Under certain circumstances the taxpayer may get his/her penalties waived, but the request must be submitted in writing. In requesting a measure of tax relief through a penalty waiver a reason must be given as to why the penalty was incurred. The reason must be categorized as one or more of the following:
- The responsible taxpayer is suffering a serious illness or has died.
- The taxpayer’s financial records or business records have been destroyed in a fire, flood or other natural disaster.
- The responsible taxpayer is going through an unavoidable prolonged absence, causing them to be precluded from filing their taxes, due to circumstances beyond their control.
- The taxpayer can prove that their tax return or payment was mailed on time, but not delivered to the State.
- The taxpayer incurred penalty charges because they followed written advice from the State or the IRS that ended up being wrong.
Offer in Compromise
The State of Michigan started offering taxpayers who qualify an Offer in Compromise tax relief program in 2015. If approved, the taxpayer would be able to settle their entire tax debt for less than what they owe.
To be eligible you must meet the following qualifications:
- Doubt exists about the collectability of your tax debt.
- Doubt exists about whether you actually owe this amount of tax debt.
- You also have an Offer in Compromise with the IRS for these same tax years.
You are not allowed to submit an offer to settle your taxes under this program if you are presently involved in bankruptcy proceedings or if the Department of Treasury has not yet assessed your tax liability.
When the Department of Treasury is considering an offer, it will suspend the levying of the property and assets discussed in the offer, however interest and penalties will keep accruing on the tax debt. Before seeking tax relief through an Offer in Compromise it would be best to have the assistance of an experienced tax professional or CPA who can offer the kind of tax help and guidance you need to successfully navigate this option.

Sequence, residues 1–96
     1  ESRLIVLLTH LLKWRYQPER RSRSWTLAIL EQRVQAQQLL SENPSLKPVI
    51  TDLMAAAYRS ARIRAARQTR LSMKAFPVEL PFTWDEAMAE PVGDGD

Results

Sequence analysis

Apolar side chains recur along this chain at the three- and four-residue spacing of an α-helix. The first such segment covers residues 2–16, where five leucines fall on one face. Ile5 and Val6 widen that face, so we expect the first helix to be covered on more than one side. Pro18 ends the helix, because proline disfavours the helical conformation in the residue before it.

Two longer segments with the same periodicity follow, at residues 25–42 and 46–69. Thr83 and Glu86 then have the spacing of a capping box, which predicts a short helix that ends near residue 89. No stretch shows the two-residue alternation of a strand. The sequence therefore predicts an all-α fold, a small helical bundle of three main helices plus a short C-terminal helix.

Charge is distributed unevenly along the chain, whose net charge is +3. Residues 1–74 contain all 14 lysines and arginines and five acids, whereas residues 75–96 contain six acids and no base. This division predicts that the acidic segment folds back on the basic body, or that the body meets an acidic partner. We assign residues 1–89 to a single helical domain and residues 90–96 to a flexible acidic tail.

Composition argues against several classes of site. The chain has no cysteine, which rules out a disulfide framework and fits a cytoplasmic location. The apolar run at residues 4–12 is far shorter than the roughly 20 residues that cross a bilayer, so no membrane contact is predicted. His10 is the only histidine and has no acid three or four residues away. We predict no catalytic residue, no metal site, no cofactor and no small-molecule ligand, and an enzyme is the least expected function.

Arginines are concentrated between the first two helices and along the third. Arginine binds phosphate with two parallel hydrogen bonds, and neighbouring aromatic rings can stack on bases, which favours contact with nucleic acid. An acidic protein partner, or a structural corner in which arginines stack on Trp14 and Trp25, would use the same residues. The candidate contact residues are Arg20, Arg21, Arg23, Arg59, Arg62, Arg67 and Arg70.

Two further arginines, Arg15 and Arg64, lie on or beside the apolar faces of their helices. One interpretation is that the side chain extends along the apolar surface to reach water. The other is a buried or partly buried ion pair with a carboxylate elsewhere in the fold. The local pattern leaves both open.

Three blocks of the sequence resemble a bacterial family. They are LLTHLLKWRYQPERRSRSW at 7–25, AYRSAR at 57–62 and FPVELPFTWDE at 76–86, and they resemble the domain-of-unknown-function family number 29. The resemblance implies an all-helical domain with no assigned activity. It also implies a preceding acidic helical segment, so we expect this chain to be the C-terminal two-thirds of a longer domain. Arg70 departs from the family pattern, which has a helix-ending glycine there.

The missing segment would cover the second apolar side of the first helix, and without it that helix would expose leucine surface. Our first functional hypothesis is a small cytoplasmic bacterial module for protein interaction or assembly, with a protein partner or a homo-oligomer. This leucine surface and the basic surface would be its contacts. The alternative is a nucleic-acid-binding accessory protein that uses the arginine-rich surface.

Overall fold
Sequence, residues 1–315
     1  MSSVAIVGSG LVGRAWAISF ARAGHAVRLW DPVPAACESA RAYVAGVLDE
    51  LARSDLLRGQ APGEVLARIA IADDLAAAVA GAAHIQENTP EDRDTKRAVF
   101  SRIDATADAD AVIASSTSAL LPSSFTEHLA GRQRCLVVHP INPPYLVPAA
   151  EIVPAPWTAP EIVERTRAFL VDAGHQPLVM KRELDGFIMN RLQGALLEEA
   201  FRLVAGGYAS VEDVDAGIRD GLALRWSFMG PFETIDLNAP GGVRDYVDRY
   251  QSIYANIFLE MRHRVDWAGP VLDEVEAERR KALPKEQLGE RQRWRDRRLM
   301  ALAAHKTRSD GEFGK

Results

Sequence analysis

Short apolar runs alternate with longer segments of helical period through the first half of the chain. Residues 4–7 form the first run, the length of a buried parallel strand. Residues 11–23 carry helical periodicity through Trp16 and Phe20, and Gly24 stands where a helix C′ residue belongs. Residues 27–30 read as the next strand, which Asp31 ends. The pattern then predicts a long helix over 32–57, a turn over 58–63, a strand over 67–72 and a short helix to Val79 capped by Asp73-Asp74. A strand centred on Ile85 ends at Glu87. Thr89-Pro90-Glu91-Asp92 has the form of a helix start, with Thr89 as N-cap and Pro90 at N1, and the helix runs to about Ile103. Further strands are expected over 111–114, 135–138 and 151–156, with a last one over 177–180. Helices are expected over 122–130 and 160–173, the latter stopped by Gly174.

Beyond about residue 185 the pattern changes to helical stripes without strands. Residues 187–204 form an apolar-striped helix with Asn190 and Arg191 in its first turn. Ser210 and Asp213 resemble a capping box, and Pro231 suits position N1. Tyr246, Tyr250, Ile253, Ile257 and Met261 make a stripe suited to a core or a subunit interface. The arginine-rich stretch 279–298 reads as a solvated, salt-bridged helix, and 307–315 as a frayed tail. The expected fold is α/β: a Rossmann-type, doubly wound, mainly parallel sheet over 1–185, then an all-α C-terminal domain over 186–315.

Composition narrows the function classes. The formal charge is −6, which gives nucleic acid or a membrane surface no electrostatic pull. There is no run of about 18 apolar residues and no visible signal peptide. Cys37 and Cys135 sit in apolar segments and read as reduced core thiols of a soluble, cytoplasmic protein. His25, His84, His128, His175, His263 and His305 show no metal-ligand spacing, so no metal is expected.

If you are considering this option you need to know that there are only three payment options available to you should your offer be accepted, as follows:
- Pay the amount of your offer in one lump-sum payment
- Make up to 5 monthly installment payments, not necessarily in equal amounts.
- Make 6 or more monthly installment payments in equal amounts.
You must include the following forms and documentation when submitting your offer:
- Form 5181, offer in compromise
- If your request is based on the fact that the IRS has accepted you for their Offer in Compromise program, you must complete Schedule 1 – Information Supporting a Request Form 5182 and follow all the instructions provided on the form.
- If your request involves doubting you owe the taxes, you must complete and include Schedule 3 – OIC Based on Doubt as to Liability Form 5185.
- You need to pay a $100 fee or 20% of your offer; whichever amount is greater. Send a check or money order made out to the State of Michigan – Offer in Compromise.
- Include all documentation listed on the Offer in Compromise Checklist as well as the Checklist itself.
Once you have your packet prepared, send it to:
Michigan Department of Treasury
Offer in Compromise
P.O. Box 30190
Lansing, MI 48909
When the Department of Treasury makes their decision, they will notify you in writing. If they reject your offer and you think this was caused by a mistake made by Treasury personnel, the Department of Treasury adopted the wrong principle, or this may be a fraudulent matter; you have the right to file an Administrative Review of Rejected Offer Form 5186 requesting a review of the decision. The Department must receive your request within 30 days from the date on your letter of denial.
Contact Information for the Michigan Department of Treasury
If you need information on a tax problem you are faced with you are more than welcome to contact the particular department within the Department of Treasury for help. When phoning, make sure you have your tax bill and documents handy. You will also be asked to provide your SSN or EIN.
Phone Numbers for Billing Information:
Income Tax: (517) 636-4486
Sales, Use & Withholding Tax: (517) 636-4730
Single Business Tax: (517) 636-4700
Michigan Business Tax: (517) 636-4657
For Questions Regarding Your Account or Payment of Back Taxes:
Michigan Department of Treasury: Collection Division
P.O. Box 30199
Lansing, MI 48909-7600
Phone: (517) 636-5265